As a self represented artist, who has sold original artworks on ebay for more than a year, here are some tips that I have learnt through trial and error. I don't promise to guarantee your work will sell using these tips but they may just increase your chances.
- Before becoming a seller build up your Feedback rating as a buyer. People are more likely to purchase from someone with good feedback (even if all your feedback is as a buyer) than they are if you have no feedback at all. A rating of 10 is probably ideal but 5 is enough to show a bit of a track record. Whilst building up your feedback you'll also learn a lot about how other sellers operate and get a feel for what issues your potential buyers will face when making that final commitment to bid on your item.
- Recognise that, unless you're an established artist with a following of collectors, most people will be buying your art because they like your work rather than as an investment.
- Design your auction listing to be as professional as you can. You can't afford mistakes as these will discourage some potential buyers. At the very least use proper sentences, good grammer and upload at least one decent size, clear photo of your artwork (minimum of 400 pixels along the longest edge). Always pay the Gallery Listing fee for your artwork's photo to appear in buyer searches. It's your art that will grab people's attention and encourage them to look at your auction.
- Create an auction title using general key words that describe the content/subject of your artwork. For example if you have created an artwork of your pet siamese cat called 'Minky', few people looking for cat art will enter the word 'Minky' as part of their search. Make sure the words 'Art', 'Siamese' and 'Cat' appear in your auction title. That way if someone does a search on Cat Art or Cat Siamese your auction will appear in their search results. Your auction title might be something like 'Original Art: Siamese Cat'
- If your auction title is short try adding in some more general key words that describe your artwork. Using the last example you could extend it to 'Original Art: Siamese Cat, painting, oil, pets, feline'. Now you've caught people using search terms such as Cat Painting, Pets Feline, Feline Art etc. The trick is to get your work appearing in searches by people who are interested in your subject but may not have been thinking about buying your particular artwork until they saw it pop up in their search.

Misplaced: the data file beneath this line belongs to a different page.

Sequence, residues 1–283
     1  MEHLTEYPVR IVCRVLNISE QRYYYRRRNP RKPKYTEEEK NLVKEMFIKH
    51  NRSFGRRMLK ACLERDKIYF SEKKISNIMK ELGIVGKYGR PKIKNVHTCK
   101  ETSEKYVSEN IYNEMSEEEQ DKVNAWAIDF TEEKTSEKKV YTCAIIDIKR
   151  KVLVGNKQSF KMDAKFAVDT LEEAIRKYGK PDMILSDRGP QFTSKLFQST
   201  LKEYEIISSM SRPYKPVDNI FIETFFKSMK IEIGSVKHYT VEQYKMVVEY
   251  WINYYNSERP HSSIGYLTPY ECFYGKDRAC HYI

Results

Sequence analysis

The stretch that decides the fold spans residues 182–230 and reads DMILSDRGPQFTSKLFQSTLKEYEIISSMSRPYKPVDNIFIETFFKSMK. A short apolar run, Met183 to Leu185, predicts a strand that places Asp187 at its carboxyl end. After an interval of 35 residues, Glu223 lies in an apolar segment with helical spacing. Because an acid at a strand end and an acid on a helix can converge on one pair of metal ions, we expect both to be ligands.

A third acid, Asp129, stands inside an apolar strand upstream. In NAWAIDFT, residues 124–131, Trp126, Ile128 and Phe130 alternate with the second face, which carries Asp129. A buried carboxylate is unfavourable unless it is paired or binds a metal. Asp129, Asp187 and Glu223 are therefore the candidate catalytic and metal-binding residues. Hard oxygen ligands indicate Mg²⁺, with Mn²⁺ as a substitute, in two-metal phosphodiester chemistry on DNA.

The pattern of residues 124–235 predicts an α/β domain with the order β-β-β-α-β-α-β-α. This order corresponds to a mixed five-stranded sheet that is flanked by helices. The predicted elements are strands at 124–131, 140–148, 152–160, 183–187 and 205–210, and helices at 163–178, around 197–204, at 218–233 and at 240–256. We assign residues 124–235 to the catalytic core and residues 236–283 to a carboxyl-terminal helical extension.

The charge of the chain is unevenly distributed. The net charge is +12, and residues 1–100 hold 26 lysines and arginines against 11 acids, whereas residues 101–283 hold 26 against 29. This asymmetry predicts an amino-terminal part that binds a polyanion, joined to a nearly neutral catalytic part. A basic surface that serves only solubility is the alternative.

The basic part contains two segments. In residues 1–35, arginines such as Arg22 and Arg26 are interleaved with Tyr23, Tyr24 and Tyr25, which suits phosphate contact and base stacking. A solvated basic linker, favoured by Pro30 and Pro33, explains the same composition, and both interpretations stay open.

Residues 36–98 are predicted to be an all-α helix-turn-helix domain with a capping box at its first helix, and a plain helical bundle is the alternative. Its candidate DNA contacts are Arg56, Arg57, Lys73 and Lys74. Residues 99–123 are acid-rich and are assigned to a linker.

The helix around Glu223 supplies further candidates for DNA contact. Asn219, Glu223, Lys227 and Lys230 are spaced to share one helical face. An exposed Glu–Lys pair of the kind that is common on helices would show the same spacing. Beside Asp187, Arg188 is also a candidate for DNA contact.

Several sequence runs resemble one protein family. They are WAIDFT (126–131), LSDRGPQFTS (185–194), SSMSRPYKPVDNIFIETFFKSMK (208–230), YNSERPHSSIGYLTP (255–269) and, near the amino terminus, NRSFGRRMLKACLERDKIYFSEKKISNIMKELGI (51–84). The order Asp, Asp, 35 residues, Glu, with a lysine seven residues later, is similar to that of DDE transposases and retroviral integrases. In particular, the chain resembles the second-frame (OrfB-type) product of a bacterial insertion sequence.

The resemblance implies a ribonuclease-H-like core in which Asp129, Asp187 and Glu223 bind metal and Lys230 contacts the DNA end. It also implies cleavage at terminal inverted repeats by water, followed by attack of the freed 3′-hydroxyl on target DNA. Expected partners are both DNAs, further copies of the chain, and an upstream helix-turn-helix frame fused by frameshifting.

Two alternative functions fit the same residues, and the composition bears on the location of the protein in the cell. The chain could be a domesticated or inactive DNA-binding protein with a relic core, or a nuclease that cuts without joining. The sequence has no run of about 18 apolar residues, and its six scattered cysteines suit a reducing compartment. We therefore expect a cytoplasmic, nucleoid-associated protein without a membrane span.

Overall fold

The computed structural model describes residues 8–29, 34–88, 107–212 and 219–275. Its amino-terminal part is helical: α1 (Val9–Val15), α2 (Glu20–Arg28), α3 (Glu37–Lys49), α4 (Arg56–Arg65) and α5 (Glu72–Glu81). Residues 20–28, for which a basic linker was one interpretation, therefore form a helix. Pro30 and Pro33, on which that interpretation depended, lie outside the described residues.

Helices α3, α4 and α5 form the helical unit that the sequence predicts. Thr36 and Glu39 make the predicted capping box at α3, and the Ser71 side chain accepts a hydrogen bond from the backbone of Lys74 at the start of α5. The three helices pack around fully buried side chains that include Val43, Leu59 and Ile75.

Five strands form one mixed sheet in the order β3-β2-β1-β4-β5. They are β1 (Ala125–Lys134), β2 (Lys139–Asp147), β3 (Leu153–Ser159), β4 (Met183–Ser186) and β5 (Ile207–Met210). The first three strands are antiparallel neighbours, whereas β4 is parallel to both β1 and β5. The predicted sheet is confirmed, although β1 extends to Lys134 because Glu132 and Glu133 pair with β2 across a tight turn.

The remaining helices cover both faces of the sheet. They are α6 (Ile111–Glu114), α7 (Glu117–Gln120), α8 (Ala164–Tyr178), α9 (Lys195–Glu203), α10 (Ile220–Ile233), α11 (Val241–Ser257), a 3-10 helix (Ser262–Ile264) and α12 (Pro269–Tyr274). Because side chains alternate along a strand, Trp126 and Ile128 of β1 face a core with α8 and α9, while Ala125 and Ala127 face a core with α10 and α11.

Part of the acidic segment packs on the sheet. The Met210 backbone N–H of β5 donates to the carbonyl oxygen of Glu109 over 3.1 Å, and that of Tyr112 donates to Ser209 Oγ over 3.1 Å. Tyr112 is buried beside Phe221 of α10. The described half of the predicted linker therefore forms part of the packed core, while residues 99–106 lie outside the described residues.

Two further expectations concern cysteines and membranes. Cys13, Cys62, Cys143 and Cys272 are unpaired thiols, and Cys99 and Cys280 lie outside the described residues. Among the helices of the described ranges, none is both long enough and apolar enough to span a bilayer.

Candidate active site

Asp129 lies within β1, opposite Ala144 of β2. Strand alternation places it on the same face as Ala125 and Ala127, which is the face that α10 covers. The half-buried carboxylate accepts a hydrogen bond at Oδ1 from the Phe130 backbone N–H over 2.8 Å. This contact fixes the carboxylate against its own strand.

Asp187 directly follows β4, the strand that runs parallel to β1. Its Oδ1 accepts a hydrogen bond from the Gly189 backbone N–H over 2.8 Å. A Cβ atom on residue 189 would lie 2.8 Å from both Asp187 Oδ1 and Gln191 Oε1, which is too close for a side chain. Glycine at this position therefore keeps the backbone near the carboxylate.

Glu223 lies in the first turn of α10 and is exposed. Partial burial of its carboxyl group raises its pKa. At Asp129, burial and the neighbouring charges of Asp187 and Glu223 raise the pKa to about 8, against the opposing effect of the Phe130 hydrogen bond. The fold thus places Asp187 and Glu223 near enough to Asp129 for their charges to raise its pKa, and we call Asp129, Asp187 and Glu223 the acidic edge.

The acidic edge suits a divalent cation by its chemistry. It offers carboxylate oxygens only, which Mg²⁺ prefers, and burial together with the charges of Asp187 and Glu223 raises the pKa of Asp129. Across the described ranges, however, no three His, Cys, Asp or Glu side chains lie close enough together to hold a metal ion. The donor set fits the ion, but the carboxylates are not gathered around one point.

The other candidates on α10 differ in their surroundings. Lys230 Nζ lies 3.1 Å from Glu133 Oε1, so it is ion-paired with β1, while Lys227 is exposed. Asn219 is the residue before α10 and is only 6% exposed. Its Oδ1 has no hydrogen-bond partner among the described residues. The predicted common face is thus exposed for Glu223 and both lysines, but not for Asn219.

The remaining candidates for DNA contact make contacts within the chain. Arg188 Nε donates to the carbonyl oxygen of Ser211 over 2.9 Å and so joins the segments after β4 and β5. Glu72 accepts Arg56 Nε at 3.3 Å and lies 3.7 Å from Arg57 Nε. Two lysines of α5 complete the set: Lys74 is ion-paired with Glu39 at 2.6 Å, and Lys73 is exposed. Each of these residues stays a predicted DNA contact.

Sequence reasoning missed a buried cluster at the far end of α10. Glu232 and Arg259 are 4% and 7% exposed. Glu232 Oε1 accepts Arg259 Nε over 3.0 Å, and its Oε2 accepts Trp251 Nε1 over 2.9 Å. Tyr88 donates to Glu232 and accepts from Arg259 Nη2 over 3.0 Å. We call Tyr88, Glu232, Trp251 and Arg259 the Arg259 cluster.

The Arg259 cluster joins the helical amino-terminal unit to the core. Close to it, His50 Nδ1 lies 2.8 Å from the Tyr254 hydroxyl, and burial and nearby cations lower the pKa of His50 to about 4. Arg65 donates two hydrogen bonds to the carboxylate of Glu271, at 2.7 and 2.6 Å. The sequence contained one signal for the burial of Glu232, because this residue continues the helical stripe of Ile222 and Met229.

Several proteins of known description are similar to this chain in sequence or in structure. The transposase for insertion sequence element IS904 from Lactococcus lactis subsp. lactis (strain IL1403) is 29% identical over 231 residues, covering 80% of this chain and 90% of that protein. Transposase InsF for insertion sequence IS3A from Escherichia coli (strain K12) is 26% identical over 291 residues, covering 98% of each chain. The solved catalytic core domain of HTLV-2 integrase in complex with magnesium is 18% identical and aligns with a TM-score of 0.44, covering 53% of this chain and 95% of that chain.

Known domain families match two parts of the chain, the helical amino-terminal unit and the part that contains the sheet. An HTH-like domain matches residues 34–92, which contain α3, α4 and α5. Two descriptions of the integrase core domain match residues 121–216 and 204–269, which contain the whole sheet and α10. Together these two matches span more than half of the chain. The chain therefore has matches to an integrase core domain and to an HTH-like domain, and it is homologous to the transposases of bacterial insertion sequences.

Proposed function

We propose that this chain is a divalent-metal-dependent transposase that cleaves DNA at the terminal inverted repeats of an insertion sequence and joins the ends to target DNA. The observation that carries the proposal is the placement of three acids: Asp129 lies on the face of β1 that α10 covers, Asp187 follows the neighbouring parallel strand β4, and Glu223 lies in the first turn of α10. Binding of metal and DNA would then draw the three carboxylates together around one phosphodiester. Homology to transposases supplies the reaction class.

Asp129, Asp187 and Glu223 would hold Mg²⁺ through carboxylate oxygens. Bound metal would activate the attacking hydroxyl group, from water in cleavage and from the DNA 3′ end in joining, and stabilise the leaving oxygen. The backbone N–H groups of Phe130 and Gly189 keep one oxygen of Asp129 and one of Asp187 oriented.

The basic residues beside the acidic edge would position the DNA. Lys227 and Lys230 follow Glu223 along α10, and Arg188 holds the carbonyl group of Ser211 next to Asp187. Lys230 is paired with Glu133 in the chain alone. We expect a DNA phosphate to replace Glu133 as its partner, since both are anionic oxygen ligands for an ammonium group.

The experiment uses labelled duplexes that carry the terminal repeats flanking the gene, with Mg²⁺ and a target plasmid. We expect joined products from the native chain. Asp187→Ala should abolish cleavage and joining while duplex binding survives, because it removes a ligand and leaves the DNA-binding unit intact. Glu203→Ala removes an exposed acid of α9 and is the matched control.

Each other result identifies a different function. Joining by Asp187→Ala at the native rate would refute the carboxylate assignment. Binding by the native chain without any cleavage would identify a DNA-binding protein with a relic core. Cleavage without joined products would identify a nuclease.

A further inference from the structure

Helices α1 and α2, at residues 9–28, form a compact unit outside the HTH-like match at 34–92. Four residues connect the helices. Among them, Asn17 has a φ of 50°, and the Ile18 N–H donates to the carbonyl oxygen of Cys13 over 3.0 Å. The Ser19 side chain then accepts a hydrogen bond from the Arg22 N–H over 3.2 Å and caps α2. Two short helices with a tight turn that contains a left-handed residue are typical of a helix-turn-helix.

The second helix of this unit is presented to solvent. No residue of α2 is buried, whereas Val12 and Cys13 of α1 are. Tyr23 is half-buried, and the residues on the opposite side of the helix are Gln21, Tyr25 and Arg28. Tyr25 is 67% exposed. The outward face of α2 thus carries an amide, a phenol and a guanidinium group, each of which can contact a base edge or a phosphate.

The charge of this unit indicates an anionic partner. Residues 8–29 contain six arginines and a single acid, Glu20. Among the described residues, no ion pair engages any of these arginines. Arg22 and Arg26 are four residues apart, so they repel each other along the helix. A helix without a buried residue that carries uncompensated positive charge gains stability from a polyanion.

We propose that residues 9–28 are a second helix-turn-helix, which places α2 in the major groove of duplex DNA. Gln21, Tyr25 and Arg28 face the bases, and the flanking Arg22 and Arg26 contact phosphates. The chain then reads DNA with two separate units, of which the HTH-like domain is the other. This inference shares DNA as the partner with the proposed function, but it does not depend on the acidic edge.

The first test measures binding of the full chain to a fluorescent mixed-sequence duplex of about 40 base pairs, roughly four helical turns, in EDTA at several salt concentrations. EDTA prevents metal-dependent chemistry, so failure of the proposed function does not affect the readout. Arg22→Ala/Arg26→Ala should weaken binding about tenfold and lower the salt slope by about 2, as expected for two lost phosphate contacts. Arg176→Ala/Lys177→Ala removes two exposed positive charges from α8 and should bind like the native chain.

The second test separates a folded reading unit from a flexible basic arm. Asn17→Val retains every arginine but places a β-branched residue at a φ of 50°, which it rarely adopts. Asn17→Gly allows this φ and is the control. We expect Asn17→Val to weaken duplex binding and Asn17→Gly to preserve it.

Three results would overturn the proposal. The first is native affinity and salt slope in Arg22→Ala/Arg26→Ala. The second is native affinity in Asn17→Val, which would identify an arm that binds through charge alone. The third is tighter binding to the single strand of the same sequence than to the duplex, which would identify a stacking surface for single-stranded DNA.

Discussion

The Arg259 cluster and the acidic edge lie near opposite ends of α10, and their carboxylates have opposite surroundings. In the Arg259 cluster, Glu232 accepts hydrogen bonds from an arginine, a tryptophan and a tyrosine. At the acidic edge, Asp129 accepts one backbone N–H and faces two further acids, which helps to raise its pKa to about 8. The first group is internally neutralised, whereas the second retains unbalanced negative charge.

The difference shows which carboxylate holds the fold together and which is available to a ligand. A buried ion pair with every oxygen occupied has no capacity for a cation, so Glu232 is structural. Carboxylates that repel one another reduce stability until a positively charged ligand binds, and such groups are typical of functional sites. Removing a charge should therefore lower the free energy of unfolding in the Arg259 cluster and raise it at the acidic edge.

- Try to put some keywords in your auction description that you haven't used in your title however fewer people search on title and description so don't stress too much on this.
- When writing your description don't describe the artwork literally (you should have a photo so people can see for themselves what your art looks like). Instead describe what this artwork will bring to that person's life/experience/environment. In other words try to describe benefits rather than features (a key point for selling almost anything).
Going back to the Siamese cat example above, rather than describing it as 'This is a painting of my pet siamese cat, Minky, who is a real character', you might write 'Minky is a delightful cat who will bring a sense of fun to any home with his cheeky antics in this original artwork'.
- There are some features that you MUST include in your description. These include anything that can't be discovered simply by looking at the photo. For example look at the image below:
What don't you know just by looking at it?
As part of your description include important, unseen features either by listing them:
Title: Happy Cat Jac
Artist: TET (e_tourist)
Medium: Acrylic and Chalk Pastel on Canvas, Framed.